For example sampling companies from a local business directory would only encompass those businesses that have felt it necessary or useful to be listed in the directory, thereby leaving out perhaps smaller businesses who cannot afford to subscribe, or better established businesses who feel they do not need to. In this way the sampling frame is not representative.

Five criteria are important when evaluating sampling frames:

  1. Size: is it big enough?
  2. Completeness: all units of a population under survey should be included.
  3. Accuracy: totally up-to-date sampling frames are rarely available. The frame may contain units which no longer exist.
  4. Duplication: bias will result where names of sampling units occur more than once, e.g. some firms may have multiple listings in telephone directories.
  5. Convenience: sampling lists should be accessible and suitable for sampling purposes.

Basic statistics texts explain random sampling, systematic sampling, multi-stage sampling, cluster sampling, stratified sampling and quota sampling along with an understanding of how deviation or bias can enter into a sample and its potential effects upon the results of a survey.

Contact methods Contact methods are a balance between time, the degree of accuracy required and costs.

  • Personal interviews can be formal ‘on-street’ or ‘mall intercept’ surveys using structured questionnaires and a less structured ‘depth’ or ‘focus’ interview format that is done at the interviewee’s home or in a group setting.
  • Postal surveys demand a straightforward formalized questionnaire as personal intervention is not possible to explain questioning areas which might be unclear.
  • Telephone interviews are popular owing to relatively low costs, especially for consumer research, but increasingly for B2B industrial research as respondents might be geographically spread, so travel costs are eliminated.

Contact medium: the questionnaire This cannot be designed until precise information require ments are known. It is the vehicle whereby research objectives are translated into specific questions.

The type of information sought and the type of respondents to be researched will have a bearing on the contact method to be used. This will influence whether the questionnaire is an unstructured schedule of discussion points for depth interviewing or a structured closed-ended type questionnaire for ‘on-street’ interviews.

Qualitative research

Data such as market size, numbers of competitors and average purchasing prices provide hard data on market facts. Marketers are also interested in qualitative data on markets and customers. This data encompasses areas like underpinning customer attitudes, customer perceptions and beliefs, psychological and sociological influences on consumer behaviour, and such techniques are aimed at providing this information.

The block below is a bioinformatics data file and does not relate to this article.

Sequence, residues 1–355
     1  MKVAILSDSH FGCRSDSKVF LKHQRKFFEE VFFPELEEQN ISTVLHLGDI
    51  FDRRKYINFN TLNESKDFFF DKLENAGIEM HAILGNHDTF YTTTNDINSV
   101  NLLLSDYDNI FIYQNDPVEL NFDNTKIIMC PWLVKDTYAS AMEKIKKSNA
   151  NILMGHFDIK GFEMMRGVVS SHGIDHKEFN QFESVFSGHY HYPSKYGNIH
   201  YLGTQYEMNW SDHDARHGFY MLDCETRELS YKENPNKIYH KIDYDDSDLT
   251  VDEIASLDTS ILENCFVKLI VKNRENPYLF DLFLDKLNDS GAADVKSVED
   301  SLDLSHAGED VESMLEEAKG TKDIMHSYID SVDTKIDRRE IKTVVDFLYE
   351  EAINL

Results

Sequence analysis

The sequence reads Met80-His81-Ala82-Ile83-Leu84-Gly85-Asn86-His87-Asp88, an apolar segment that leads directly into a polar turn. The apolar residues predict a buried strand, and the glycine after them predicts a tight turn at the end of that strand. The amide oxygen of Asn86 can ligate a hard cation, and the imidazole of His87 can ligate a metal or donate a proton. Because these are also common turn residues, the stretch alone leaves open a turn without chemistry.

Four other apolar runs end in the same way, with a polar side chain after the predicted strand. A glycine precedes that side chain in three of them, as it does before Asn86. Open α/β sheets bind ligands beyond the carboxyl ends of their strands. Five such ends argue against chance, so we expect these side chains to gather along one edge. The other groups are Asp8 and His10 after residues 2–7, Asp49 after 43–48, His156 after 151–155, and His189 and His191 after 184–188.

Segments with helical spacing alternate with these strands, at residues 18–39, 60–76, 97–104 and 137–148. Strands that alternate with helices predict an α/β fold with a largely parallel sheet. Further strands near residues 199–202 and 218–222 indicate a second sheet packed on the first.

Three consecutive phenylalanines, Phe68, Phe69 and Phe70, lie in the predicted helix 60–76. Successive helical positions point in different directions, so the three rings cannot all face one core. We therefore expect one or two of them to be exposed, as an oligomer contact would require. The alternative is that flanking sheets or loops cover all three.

Marketers have used several techniques for researching these more complex aspects. Many have been adapted from psychology and sociology. In the 1960s for example, marketers began to use what became collectively referred to as motivation research. Examples of specific techniques include thematic apperception, Rorschach ink-blot tests and word association tests. During the 1980s and 1990s many of these techniques fell into disrepute and motivation research in general was used less and less by marketers who felt it to be unscientific. Two techniques of qualitative research which remain viable and widely used are focus groups and depth interviews .

Marketers have again begun to look at innovative research techniques to gather and analyse qualitative data. Futures research, described earlier, is a good example. In the main, marketers are becoming more amenable to innovative techniques of qualitative market research if they afford insights into the underpinning behavioural processes and attitudes of customers.

Guinness is a good example of a company that has been willing to try out new techniques of qualitative research to try and find out customers’ innermost thoughts. Guinness’s research company have used techniques such as role playing, psychodramas and psycho-drawing in this process. Some of the findings from this research have found their way into multi-million pound advertising campaigns for the Guinness brand.

Using this research, Guinness found that many of their customers drank Guinness because they felt it set them aside from the crowd. Many Guinness drinkers apparently see themselves as individuals. The famous Guinness ‘It’s not easy being a dolphin’ advertisements starring Rutger Hauer were the result of this type of research.